- April 9, 2018
It emerged as a dark rumour, rapidly became a reality that was followed by messages of doom carved in funereal stone. AIDS was here and with it came despair, panic, mistrust… an era of fear and oppression. The good news of Wolfenden and a newfound emancipation was swept away by a deadly virus that no one knew anything about.
The new film from France, 120 BPM, charts the emergence of Act Up Paris, the fearless activist campaigning group in a time when fear was king, charts that moment in time when there seemed little hope and what little hope there was seemed to be being withheld by the pharmaceutical giants of the time.
The truth was that people were dying, men and women, gay and straight – and dying in misery and pain. It all seems a distant memory now, with the advent of drug regimes that work in giving those with HIV healthy lives. What was a killer is now a manageable menace and progress is still being made.
I sat through the film in silence. It is relentlessly distressing, there is no light-hearted humour, none of the cinematic tricks that we saw in the film Pride, no laughter – or at least no laughter from the audience – even when we saw those few moments of love and joy that the film clearly has.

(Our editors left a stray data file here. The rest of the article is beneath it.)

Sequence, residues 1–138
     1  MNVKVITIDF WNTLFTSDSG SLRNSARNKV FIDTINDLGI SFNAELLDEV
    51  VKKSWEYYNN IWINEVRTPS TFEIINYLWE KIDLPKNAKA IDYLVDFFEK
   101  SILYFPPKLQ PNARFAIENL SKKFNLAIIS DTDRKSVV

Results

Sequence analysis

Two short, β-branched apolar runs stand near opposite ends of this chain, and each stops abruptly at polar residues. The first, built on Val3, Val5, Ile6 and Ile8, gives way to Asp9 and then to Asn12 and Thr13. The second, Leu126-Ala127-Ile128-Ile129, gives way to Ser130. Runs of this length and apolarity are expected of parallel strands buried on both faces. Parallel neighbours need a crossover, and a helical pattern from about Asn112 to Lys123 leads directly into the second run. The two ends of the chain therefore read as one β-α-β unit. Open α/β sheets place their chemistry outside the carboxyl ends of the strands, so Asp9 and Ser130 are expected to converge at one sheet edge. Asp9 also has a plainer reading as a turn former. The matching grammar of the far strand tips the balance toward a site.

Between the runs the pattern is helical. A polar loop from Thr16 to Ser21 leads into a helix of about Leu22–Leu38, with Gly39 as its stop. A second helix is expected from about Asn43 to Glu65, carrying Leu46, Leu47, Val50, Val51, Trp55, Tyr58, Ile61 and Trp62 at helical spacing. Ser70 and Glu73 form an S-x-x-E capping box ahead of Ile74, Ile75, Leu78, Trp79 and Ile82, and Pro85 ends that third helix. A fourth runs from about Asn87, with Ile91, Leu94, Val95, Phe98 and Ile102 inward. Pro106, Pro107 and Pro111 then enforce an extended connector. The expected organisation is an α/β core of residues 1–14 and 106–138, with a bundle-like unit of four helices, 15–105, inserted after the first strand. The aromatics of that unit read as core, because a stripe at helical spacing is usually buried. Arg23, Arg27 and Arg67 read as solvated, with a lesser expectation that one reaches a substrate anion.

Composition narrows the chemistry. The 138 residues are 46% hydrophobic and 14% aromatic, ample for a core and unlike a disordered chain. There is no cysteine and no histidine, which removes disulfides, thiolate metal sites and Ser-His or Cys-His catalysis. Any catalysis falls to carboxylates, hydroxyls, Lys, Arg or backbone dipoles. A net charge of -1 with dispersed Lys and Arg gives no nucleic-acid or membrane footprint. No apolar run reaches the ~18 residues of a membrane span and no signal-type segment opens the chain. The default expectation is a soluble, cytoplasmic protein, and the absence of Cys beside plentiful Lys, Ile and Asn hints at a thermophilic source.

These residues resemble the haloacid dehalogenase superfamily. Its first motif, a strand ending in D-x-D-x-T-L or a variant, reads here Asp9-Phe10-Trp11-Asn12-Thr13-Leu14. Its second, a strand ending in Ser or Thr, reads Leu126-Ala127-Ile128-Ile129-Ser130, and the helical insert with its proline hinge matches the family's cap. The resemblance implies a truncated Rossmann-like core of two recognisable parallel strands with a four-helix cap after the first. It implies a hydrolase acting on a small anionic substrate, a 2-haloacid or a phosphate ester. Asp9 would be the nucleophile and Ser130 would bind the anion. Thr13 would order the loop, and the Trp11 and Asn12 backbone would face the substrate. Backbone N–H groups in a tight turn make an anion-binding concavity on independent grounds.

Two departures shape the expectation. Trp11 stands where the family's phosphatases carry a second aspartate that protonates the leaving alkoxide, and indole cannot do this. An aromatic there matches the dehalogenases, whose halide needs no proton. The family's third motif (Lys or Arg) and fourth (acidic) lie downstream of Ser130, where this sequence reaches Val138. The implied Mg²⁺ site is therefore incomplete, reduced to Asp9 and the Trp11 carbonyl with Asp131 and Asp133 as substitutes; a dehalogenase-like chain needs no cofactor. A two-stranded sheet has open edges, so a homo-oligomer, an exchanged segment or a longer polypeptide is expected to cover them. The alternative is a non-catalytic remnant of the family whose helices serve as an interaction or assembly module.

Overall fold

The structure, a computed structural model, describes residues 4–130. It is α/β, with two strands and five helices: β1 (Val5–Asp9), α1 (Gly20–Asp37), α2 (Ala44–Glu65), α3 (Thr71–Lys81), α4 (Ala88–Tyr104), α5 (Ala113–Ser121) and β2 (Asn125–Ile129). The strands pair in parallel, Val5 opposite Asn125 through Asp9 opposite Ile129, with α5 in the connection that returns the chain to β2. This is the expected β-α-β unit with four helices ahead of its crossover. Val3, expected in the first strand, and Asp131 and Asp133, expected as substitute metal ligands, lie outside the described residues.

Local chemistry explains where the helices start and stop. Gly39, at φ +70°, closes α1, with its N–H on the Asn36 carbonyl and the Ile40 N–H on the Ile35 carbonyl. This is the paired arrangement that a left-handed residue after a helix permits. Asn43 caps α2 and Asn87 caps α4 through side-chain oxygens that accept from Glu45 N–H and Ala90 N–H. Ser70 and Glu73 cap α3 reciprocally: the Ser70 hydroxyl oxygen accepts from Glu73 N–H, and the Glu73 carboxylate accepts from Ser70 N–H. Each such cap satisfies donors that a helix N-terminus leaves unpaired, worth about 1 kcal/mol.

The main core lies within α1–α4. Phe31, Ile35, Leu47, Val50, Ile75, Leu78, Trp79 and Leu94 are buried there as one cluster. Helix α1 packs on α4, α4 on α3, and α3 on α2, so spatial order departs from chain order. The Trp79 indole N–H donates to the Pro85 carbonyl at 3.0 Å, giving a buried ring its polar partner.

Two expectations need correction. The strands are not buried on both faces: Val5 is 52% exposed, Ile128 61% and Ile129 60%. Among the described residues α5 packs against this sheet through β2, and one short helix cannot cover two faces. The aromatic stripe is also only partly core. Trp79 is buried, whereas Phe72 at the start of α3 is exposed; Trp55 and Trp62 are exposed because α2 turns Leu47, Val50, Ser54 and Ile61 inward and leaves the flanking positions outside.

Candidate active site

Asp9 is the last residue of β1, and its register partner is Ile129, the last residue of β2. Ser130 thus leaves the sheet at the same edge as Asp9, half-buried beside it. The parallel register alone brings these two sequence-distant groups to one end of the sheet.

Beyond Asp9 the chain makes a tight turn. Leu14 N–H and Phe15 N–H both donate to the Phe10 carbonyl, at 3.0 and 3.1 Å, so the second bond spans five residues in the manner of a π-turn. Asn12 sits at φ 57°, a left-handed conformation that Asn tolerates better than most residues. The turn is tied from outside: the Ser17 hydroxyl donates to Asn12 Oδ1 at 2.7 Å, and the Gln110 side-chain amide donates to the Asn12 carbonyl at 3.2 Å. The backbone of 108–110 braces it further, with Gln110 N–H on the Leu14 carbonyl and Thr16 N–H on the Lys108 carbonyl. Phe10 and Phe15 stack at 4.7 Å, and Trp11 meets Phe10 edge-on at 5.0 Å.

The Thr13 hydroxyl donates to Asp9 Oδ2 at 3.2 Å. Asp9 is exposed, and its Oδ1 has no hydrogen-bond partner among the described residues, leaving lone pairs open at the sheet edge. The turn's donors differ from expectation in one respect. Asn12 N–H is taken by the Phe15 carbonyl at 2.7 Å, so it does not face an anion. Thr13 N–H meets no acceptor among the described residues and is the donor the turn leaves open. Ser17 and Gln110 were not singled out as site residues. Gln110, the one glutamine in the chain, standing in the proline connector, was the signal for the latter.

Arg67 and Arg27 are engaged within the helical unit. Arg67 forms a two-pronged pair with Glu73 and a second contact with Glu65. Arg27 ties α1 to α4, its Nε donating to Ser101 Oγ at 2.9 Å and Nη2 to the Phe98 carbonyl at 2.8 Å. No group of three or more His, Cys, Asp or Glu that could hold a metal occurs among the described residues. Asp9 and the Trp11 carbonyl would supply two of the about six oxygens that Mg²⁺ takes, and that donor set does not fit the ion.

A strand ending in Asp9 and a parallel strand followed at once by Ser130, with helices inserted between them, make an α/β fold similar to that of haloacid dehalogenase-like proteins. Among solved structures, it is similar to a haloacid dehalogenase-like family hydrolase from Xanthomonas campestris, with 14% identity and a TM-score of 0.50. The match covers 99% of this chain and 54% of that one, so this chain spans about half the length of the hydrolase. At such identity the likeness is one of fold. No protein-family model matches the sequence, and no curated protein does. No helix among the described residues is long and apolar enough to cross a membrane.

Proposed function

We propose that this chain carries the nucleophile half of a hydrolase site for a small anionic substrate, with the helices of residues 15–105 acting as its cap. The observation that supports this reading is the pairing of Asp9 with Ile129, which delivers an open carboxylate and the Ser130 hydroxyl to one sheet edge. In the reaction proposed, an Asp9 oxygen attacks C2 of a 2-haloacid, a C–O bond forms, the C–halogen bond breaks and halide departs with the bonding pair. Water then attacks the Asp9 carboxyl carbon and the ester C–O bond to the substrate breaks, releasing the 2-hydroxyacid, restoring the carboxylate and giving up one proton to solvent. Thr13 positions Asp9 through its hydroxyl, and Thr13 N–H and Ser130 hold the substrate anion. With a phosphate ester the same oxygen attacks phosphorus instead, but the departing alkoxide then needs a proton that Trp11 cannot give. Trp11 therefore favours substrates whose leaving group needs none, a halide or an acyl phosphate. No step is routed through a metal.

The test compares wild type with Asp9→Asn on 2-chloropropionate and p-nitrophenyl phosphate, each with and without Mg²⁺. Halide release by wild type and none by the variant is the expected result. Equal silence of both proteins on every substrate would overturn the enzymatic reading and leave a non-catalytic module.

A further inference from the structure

What I had seen left me bereft of any ability to do much more than sit and absorb
And this is a film that straddles two ideas, the horror of those early days and the strength of love that overcame that horror, even in death.
I watched in silence knowing that after the screening there was to be a Q&A session with three excellent speakers. I met them before the screening and talked with them about what the film stood for and what it might achieve. But at the end of the film, as the credits rolled in the semi gloom, I scuttled furtively away. Much as I wanted to listen to them talk, what I had seen left me bereft of any ability to do much more that quietly absorb.
120 beats per minute, the heart rate that was so much a part of that exuberant, hedonistic dance scene, the rhythm of the soundtrack to those defining years, stopped so many dead. A heartbeat that was so readily stopped by the onslaught of a disease that know no boundaries, showed no respect or mercy.
What’s changed? So much, new drugs, drugs that work, lives once one hold renewed – for some. But for how long? The world changes fast. Across the Atlantic a new right wing regime jeopardises gay rights, we are pulling out of a Europe where queer rights have made huge leaps and a broader world where in some countries AIDS is still a major issue and gay rights non-existant. 120 BPM is a flagship of how far we have come but also a warning that there is still no room for complacency.